United States District Court, S.D. Texas, Houston Division
MEMORANDUM AND OPINION
Rosenthal, Chief United States District Judge
Hospital, LLC sued GAP Inc. and GAP Inc. Health and Life
Insurance Plan under the Employee Retirement Income Security
Act of 1974 (ERISA) § 502(a)(1)(b). 29 U.S.C. §
1132(a). After GAP moved to dismiss, the court converted the
motion to one for summary judgment in order to consider the
administrative record. (Docket Entry Nos. 35, 44). Based on a
careful review of the parties' motions and responses, the
record, the arguments of counsel, and the applicable law,
GAP's motion for summary judgment is granted and this
action is dismissed with prejudice. Final judgment is entered
by separate order.
reasons for these rulings are set out below.
is a health-care provider based in Houston, Texas. GAP is a
multinational corporation selling clothing and other retail
goods, headquartered in San Francisco, California. GAP is the
Plan Sponsor and Plan Administrator for GAP Inc. Health and
Life Insurance Plan, a self-insured ERISA health-benefits
plan. United Healthcare acts as the third-party claims
administrator for GAP's health plan.
SK is a Plan Beneficiary. In February 2014, RedOak treated SK
as an out-of-network provider. Before providing the medical
services, RedOak verified with United that SK had
out-of-network benefits under the Plan. SK signed a Legal
Assignment of Benefits and Designation of Authorized
Representative form, assigning RedOak the rights to receive
benefit payments, conduct administrative appeals, and seek
judicial review. RedOak's records show that it provided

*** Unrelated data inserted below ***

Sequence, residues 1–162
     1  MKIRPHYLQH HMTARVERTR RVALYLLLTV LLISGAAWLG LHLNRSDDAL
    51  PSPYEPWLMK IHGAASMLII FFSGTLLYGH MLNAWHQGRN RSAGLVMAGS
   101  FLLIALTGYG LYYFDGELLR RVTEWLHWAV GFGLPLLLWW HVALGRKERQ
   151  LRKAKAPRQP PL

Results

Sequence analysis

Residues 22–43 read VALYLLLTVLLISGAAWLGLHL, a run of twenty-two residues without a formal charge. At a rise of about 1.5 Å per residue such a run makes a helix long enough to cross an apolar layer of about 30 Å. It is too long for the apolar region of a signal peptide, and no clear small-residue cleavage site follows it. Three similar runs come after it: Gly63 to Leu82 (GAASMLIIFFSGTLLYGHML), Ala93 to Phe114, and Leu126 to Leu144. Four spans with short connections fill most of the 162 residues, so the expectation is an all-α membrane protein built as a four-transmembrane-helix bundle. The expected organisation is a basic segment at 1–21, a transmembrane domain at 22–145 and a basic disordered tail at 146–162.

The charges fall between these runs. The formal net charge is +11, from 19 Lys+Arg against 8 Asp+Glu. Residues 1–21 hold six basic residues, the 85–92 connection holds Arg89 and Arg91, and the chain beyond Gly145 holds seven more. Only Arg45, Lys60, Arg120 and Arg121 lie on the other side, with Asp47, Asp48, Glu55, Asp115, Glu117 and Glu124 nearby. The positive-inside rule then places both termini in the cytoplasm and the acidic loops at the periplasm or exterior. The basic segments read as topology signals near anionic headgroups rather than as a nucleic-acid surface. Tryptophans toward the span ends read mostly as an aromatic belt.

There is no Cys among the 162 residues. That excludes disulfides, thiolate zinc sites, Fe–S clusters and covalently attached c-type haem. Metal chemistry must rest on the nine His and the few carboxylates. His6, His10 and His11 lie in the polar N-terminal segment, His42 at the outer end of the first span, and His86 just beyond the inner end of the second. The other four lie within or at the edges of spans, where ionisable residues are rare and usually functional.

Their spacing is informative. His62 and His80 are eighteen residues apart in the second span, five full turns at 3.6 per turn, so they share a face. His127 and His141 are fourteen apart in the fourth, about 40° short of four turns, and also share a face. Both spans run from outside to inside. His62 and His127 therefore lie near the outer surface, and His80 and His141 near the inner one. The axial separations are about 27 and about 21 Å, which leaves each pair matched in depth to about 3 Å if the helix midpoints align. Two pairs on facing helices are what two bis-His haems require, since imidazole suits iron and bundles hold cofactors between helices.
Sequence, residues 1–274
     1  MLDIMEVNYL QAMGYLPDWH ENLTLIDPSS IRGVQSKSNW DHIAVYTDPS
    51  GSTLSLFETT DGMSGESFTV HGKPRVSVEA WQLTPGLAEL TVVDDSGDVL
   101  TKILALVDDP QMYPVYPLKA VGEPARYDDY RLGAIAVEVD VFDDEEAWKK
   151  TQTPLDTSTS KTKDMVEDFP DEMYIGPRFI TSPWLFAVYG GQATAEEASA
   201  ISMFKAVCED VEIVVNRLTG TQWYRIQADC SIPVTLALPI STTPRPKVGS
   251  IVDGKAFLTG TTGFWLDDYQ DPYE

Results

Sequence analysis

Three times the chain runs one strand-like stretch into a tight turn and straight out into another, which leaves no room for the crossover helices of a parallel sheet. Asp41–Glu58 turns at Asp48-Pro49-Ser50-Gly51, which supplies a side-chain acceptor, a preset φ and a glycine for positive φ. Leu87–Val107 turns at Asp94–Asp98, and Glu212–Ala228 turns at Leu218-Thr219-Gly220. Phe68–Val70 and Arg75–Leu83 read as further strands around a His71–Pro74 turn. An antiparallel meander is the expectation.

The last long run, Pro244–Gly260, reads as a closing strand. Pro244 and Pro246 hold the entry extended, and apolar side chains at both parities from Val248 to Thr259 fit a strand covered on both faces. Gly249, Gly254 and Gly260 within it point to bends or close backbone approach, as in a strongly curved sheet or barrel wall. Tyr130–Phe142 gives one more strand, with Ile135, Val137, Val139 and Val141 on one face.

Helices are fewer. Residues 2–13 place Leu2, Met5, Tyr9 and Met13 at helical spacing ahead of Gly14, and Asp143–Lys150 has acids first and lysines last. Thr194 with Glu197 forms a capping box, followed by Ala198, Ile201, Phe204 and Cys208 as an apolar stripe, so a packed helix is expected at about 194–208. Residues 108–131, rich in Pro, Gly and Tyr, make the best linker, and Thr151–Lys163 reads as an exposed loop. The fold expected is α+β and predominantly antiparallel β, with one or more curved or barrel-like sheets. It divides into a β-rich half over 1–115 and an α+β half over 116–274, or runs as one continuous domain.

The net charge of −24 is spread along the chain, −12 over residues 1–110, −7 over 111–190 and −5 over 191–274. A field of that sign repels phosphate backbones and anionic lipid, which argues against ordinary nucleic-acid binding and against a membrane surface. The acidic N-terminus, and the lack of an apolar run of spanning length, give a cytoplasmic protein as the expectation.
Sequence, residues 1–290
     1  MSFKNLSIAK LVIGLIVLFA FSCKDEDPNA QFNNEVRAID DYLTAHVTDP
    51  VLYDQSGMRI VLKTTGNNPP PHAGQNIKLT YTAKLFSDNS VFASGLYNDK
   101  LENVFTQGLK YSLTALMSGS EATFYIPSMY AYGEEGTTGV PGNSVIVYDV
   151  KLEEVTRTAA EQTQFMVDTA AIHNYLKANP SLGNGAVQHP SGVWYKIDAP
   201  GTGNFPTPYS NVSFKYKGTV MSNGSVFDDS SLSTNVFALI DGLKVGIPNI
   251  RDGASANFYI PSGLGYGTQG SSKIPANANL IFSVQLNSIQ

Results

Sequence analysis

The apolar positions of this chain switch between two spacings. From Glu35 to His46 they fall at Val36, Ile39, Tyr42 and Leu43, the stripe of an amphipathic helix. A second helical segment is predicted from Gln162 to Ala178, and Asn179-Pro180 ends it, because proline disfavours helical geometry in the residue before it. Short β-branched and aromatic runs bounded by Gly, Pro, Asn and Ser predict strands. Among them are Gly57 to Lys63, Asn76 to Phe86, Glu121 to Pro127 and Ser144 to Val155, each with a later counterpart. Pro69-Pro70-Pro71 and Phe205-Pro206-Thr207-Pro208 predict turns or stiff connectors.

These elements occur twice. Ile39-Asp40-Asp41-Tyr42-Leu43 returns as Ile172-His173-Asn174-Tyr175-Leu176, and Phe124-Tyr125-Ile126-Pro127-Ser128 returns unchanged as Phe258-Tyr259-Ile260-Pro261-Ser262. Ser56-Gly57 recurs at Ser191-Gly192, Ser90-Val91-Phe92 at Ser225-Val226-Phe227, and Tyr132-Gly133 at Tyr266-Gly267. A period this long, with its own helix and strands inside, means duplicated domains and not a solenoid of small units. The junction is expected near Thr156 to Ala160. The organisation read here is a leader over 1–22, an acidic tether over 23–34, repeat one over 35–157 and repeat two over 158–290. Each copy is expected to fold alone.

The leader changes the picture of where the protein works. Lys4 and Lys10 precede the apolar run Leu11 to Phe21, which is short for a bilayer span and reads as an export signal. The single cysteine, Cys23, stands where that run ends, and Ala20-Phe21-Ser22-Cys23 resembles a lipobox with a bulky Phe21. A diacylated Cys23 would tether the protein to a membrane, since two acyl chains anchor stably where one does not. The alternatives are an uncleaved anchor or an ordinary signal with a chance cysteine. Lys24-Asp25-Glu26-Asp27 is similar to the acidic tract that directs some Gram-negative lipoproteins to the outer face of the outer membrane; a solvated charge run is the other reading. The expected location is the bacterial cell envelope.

$68, 517.00 in medical treatment and services to SK. RedOak
submitted UB-04 forms for payment, but United reduced the
allowed amount to $7, 436.13 and then offset that amount for
an alleged overpayment on a "stranger" plan. The
result was no payment. (Docket Entry No. 29 at 7-8).
began the administrative processes the Plan requires before
an ERISA suit can be brought. (Docket Entry No. 11-3, 53). A
denial must be appealed within 180 days of the claim
decision. (Id. at 57). If the member disagrees with
this first-level appeal decision, a second and final appeal
must be filed within 60 days "after receipt of the
notice of adverse appeal decision." (Id. at
58). The Plan bars a legal action brought more than "90
days after the date the claims administrator renders its
final decision upon appeal." (Id. at 53).
filed a first-level appeal on July 14, 2014.United notified SK
on August 21, 2014 that the original claim decision had been
upheld. (Docket Entry No. 11-8 at 18-20). The letter showed a
"cc" to RedOak, but RedOak claims that it never
received a copy of this notice from United. (Docket Entry No.
55-5 at2-4). The parties agree that RedOak's next
communication with United was a letter sent on October 23,
2015. This letter stated that RedOak was starting another
appeal. But the letter continued: "We have officially
exhausted any and all administrative remedies . . . ."
(Docket Entry No. 55-2 at 4; see also Docket Entry
No. 29 at 9). RedOak sent another letter repeating this
statement verbatim on April 25, 2016. (Id.). RedOak
filed this lawsuit on May 10, 2016. (Docket Entry No. 1).
RedOak's unilateral attempt to add years to the appeal
process and circumvent the Plan's limitations provisions
is the basis of the summary judgment motion.
First Amended Complaint, (Docket Entry No. 4), asserted a
claim under ERISA § 502(a)(1), a claim for failure to
provide a "full and fair review, " and claims for
breach of fiduciary duty against GAP Inc., GAP Inc. Health